• Mafalda Fernandes
    2018-10-14 18:35


  • Cathy (cathepsut)
    2018-10-15 20:46

    It's been a while since I read this. I remember thinking that it was an interssting take on Jekyll and Hyde. It was pretty tragic, not only the original story as such, but also Mary's life in general. It was not the most gripping read, but a solid read at the time.

  • Emjy
    2018-09-26 19:19

    Le récit intime et fascinant de Mary Reilly, la jeune domestique entrée au service de Mr Jekyll, un mystérieux et bienveillant scientifique (héros du roman de R. L. Stevenson).Un très beau roman victorien, sobre, sombre et mené avec style.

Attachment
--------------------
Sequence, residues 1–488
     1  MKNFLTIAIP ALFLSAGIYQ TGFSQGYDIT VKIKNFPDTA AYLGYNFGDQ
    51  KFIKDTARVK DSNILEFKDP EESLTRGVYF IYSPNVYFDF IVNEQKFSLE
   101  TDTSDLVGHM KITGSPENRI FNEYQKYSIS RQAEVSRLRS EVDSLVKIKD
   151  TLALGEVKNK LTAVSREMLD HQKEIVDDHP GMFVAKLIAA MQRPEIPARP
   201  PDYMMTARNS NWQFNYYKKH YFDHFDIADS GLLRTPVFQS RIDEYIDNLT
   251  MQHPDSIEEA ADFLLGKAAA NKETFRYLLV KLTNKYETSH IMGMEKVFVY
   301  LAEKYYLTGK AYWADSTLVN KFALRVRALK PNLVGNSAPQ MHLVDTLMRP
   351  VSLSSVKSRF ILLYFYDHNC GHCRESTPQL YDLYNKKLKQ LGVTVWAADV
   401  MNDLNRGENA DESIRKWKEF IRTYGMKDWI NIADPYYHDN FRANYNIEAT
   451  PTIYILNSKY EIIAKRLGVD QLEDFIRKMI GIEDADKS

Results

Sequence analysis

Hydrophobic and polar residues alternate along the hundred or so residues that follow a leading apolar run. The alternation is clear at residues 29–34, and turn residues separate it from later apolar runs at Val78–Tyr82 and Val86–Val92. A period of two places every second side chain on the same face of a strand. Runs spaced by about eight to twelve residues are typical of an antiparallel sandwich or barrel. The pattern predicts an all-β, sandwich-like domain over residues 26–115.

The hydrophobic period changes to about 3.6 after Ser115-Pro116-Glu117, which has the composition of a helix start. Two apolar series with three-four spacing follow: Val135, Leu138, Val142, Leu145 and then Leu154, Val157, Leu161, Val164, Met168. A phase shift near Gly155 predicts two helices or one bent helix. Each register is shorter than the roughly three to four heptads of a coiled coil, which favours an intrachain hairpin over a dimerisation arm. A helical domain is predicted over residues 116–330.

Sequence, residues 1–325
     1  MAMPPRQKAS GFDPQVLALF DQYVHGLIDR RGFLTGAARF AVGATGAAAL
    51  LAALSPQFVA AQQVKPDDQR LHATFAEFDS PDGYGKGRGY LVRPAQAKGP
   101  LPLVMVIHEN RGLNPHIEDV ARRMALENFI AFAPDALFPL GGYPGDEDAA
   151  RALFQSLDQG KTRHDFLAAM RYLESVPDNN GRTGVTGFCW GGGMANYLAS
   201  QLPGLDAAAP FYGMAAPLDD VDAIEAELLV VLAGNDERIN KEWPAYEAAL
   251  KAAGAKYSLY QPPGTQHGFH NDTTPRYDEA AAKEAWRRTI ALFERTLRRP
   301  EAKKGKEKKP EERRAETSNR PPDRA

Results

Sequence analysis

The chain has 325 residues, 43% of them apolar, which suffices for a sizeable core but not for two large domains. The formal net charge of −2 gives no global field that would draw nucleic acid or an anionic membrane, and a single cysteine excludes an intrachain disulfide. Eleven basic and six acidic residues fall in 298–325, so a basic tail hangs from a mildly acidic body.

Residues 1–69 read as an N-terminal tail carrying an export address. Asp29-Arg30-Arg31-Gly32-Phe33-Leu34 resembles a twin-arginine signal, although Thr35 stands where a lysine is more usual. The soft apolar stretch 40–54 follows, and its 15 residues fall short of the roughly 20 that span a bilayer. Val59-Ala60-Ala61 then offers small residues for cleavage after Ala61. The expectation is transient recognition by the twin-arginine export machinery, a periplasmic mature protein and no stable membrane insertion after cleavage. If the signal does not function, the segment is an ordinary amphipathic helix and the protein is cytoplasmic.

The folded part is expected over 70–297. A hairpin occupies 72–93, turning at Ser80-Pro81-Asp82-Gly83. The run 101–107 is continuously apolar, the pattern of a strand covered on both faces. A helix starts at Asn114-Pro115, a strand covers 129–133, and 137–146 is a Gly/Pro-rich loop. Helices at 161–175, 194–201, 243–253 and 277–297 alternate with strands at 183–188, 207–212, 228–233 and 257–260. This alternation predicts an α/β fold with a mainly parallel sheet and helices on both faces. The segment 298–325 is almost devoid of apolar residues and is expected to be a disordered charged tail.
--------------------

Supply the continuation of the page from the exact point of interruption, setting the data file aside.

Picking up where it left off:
• Ashley *Hufflepuff Kitten*
    2018-09-30 00:38

    As much as I love the story of Jekyll & Hyde, I've never actually read the source material. I've heard variations of the story for years, from the Wishbone version when I was a kid to the Wildhorn/Bricusse musical and now this retelling. Every version seems to fill in a new space and add something new to the whole mythos, and I love that. Mary's voice is very distinct, not in the least thanks to her imperfect (and sometimes inconsistent) speech and writing patterns. Early on in the book she was always saying "mun" instead of "must" and then by the end it seemed like she had dropped "mun" completely. Seeing as there was no information about her being further educated or anything like that, I found the change odd. The Afterword felt very reminiscent of the Phantom of the Opera, where the author/narrator stayed in character and described receiving Mary's papers. Overall it was nicely written.